About the Refugee Convention 1951
The Convention Relating to the Status of Refugees, also known as the 1951 Refugee Convention or the Geneva Convention of 28 July 1951, is a United Nations multilateral treaty. It defines a refugee and establishes the rights of individuals granted asylum as well as the responsibilities of nations that grant asylum.
People fleeing persecution because of their race, religion, nationality, membership in a particular social group, or political beliefs are granted certain rights under the Convention. The Convention also specifies who does not qualify as a refugee, such as war criminals.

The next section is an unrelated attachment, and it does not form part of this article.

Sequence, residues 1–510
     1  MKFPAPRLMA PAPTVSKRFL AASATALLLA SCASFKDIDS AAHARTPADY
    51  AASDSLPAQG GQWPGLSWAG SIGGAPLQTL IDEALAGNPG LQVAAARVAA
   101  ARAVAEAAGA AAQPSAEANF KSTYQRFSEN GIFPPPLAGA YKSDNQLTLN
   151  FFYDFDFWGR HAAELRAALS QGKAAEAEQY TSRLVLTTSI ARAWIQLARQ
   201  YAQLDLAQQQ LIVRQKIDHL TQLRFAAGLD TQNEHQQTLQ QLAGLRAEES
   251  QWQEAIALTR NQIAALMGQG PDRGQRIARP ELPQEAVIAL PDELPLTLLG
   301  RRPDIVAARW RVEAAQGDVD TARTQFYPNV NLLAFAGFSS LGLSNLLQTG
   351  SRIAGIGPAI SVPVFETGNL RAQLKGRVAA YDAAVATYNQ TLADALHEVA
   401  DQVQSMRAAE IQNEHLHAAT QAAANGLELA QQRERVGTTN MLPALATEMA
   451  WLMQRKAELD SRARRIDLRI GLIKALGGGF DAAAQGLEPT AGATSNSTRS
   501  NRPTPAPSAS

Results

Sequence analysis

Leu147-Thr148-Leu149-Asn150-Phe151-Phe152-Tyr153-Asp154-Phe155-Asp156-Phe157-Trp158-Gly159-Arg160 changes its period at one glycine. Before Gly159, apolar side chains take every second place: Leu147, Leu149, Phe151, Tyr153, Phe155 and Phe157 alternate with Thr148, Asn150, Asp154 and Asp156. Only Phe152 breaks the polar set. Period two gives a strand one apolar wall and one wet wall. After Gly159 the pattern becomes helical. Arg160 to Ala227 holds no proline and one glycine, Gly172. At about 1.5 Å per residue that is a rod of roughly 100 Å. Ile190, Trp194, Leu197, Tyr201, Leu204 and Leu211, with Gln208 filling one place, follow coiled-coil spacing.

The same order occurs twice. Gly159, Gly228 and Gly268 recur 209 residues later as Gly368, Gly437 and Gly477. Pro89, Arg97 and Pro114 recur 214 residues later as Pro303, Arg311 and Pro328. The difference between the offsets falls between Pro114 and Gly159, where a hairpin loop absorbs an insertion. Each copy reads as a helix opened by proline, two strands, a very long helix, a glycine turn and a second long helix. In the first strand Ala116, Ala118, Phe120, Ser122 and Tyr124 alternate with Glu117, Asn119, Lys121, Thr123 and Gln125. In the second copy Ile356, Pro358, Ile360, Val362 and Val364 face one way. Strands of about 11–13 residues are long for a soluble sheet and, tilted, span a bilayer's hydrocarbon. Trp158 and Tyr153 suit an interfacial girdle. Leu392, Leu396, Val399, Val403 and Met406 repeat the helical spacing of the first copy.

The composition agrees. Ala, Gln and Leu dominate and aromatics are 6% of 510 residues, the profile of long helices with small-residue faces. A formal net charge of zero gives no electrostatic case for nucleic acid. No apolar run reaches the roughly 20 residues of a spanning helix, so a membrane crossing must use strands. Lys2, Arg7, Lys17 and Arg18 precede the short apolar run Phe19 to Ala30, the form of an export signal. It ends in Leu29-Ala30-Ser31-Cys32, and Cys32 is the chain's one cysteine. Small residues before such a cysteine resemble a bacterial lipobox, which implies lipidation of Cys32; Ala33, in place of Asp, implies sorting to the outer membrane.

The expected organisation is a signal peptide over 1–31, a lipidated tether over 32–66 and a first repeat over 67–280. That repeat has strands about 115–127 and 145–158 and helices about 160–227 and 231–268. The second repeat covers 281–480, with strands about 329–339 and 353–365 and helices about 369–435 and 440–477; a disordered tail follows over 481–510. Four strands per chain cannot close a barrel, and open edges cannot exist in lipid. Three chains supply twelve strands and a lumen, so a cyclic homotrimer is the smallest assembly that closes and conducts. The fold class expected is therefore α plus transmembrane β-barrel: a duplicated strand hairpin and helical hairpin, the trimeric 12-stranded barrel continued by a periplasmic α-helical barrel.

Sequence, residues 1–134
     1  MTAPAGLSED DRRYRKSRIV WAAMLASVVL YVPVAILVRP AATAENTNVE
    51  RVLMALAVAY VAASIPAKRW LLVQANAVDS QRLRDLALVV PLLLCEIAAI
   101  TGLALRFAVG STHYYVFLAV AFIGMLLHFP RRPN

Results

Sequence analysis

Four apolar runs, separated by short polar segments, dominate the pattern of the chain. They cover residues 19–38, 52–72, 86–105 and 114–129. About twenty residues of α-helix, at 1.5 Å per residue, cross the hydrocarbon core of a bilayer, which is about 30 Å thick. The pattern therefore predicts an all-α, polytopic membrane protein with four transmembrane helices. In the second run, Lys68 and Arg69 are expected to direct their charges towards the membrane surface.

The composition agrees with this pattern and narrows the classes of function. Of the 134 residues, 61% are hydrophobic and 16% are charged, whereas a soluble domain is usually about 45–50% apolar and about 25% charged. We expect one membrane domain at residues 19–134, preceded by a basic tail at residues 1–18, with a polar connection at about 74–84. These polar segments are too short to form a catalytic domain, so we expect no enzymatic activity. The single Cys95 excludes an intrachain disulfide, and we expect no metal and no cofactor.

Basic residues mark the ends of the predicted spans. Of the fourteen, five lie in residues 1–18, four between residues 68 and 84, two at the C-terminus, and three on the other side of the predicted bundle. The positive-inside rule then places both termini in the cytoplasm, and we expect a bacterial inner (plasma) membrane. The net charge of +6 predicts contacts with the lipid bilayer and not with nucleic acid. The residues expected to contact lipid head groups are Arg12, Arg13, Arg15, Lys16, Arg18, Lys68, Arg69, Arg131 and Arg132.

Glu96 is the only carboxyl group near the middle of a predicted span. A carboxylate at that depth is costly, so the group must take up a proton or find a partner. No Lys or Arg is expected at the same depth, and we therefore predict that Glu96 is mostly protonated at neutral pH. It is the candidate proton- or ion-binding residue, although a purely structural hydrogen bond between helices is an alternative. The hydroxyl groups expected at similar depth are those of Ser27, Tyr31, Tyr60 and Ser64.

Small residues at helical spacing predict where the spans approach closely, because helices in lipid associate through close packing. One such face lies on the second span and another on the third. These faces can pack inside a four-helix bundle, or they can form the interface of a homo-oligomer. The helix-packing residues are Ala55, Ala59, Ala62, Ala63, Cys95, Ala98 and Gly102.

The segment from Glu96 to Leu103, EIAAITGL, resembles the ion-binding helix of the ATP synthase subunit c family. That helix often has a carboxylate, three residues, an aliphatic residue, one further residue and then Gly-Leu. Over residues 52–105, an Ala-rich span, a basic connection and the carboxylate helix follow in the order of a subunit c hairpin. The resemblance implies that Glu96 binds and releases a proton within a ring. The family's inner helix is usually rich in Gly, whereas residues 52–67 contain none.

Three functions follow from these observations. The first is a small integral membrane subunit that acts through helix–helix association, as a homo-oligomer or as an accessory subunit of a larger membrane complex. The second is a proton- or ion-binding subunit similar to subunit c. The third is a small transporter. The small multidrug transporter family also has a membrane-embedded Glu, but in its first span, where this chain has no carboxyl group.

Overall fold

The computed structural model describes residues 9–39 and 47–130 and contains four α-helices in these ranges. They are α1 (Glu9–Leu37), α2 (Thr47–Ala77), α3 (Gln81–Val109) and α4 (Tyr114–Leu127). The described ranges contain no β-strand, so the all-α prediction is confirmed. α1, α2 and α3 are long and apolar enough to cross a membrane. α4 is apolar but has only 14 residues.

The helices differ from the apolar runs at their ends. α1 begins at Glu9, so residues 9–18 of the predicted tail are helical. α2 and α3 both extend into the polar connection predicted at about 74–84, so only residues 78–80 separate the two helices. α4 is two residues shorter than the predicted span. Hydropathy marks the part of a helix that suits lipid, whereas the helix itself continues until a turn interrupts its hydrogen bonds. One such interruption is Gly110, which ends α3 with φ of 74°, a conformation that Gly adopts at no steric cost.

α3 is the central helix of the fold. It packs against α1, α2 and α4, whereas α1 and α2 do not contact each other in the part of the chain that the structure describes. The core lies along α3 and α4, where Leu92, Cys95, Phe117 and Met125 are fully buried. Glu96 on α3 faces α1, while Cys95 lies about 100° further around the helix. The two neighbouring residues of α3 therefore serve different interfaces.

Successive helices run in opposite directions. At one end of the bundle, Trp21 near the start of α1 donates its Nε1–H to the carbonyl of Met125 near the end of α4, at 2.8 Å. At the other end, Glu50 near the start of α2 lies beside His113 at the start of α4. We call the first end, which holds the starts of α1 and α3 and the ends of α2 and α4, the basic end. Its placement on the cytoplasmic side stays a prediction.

The Convention also allows for some visa-free travel for holders of convention-issued documents.
The key legal documents are the 1951 Refugee Convention and its 1967 Protocol. In contrast to the 1951 Convention, which only included refugees from Europe, the 1967 Protocol included refugees from all countries. The United Nations High Commissioner for Refugees (UNHCR) serves as the ‘guardian’ of the 1951 Convention and its 1967 Protocol.